“Communication is not an easy process. It involves verbal and non-verbal attempts to assist the other person to understand what we are trying to communicate. Yet it often fails.”
The communication occurring between two people as discussed in the statement above is known by academics as ‘interpersonal communication’. Interpersonal communication can be defined as a two-way, transactional process in which two people, occupying a shared space, continue to send information to each other and
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Therefore a great amount of information is sent though verbal and non-verbal communication, which is also made up of many elements. As indicated before, a greater number of elements often results to a greater level of complexity, which is declared in the statement discussed. Though many forms of verbal and non-verbal information sent intentionally to the receiver, sometimes additional verbal and non-verbal information sent to a receiver is sent unknowingly and unintentionally (DeVito, 2008; Firth et al., 2010).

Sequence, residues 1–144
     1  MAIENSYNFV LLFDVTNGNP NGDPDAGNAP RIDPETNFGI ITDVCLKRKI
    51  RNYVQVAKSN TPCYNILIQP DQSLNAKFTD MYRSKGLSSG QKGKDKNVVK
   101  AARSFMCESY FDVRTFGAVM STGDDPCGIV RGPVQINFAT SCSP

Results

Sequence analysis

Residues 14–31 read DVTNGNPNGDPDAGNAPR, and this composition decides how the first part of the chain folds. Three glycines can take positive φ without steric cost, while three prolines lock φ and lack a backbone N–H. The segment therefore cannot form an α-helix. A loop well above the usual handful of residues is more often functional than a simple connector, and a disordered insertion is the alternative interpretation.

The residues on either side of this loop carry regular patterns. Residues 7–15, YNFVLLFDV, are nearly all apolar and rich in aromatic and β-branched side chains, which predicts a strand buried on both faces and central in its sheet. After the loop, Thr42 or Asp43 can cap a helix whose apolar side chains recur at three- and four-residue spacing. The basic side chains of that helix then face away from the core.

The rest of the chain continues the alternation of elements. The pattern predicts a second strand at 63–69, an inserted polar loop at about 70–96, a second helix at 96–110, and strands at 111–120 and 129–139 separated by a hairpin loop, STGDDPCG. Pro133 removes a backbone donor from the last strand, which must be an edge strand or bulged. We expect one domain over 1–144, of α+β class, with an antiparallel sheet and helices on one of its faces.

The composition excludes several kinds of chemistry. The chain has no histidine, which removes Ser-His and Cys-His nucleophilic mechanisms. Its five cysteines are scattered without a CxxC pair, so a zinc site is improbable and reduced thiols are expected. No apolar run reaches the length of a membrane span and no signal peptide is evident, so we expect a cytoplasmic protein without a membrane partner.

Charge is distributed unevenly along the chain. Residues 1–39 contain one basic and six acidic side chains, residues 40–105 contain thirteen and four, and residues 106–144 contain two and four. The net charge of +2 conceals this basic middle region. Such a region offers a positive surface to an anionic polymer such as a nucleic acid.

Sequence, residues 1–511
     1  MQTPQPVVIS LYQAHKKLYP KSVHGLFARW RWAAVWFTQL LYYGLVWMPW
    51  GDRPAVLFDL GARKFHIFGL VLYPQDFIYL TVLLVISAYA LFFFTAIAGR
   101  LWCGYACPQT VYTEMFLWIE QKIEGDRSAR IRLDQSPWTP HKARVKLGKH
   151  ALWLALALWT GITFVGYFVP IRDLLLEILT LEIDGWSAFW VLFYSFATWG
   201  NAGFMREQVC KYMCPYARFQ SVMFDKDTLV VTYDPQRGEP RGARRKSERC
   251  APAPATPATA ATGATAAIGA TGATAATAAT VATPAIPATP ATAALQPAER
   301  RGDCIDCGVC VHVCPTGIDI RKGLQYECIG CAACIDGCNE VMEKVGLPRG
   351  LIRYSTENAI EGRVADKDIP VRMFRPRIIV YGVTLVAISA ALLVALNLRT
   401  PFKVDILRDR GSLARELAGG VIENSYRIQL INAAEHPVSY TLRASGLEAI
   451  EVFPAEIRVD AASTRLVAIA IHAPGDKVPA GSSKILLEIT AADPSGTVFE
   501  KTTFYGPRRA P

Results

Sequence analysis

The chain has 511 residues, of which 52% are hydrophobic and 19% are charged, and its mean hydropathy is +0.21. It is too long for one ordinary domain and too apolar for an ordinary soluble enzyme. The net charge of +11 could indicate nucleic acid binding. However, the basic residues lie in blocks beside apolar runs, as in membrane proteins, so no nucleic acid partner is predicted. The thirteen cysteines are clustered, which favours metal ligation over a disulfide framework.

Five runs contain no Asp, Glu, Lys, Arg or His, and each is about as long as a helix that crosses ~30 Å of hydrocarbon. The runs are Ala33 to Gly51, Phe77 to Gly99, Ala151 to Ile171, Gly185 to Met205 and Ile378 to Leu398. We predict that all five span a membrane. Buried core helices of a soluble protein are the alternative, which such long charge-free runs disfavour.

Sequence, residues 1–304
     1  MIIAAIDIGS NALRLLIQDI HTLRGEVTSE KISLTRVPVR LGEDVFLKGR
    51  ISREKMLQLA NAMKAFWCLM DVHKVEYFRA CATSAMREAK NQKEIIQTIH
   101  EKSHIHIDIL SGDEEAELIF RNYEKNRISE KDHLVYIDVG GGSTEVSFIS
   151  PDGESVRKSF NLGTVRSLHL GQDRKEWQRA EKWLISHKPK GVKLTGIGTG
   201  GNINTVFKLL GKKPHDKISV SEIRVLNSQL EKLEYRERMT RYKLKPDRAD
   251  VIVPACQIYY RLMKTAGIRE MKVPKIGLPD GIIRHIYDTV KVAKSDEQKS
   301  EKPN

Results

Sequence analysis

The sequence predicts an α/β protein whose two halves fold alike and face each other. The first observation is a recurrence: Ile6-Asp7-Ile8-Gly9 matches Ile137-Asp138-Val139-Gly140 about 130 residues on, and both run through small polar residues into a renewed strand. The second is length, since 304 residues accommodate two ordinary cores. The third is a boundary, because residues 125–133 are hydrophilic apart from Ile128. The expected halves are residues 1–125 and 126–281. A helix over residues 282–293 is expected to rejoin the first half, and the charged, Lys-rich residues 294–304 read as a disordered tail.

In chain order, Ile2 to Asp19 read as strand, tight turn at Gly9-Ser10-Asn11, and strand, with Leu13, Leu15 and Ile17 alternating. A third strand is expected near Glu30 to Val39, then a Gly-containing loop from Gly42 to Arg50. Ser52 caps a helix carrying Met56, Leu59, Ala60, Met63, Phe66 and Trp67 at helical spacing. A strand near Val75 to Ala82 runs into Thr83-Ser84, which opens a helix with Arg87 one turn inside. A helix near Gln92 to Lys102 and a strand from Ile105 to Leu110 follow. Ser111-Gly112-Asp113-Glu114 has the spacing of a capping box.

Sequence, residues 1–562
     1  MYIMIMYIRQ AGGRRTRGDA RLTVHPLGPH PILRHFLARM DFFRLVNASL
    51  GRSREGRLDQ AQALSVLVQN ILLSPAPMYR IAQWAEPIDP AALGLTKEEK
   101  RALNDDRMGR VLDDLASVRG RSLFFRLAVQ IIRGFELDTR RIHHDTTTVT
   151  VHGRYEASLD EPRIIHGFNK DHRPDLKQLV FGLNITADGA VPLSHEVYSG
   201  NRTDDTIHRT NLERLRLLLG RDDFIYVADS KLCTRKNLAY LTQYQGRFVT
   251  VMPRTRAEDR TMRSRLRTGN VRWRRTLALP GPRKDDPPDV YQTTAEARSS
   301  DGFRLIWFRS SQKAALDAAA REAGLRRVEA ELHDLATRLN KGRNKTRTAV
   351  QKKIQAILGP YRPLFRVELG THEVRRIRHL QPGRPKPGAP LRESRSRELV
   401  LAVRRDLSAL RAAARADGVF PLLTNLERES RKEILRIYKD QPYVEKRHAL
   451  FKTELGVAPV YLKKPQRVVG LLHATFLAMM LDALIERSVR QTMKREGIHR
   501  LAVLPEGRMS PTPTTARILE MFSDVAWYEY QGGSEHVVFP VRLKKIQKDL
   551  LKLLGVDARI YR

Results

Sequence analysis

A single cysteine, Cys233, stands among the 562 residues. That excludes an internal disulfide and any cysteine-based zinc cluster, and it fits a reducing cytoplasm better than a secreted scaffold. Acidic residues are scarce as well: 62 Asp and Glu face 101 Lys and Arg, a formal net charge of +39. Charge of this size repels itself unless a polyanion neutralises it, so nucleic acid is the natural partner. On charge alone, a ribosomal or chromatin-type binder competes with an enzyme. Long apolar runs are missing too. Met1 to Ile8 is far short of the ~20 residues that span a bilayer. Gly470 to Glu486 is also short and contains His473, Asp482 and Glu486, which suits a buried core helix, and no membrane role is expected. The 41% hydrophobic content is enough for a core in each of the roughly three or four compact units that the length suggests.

Most intentional information sent to a receiver is sent verbally and most unintentional information broadcast by a sender is unwittingly sent through non-verbal means (Firth et al., 2010). Information that is unintentionally expressed by the sender impacts the message decoded and comprehended by the receiver, often leading to ineffective, unwanted or failed communication (DeVito, 2008; Firth et al., 2010; Hartley, 1999). Therefore, if the amount of unintentional information sent during the process of communication is reduced, the high chance of communication failure, suggested in the statement above, will be lessened to a degree.
While encoding and conveying information in the interpersonal communication process, the sender employs a language they deem to be recognisable easily decoded by the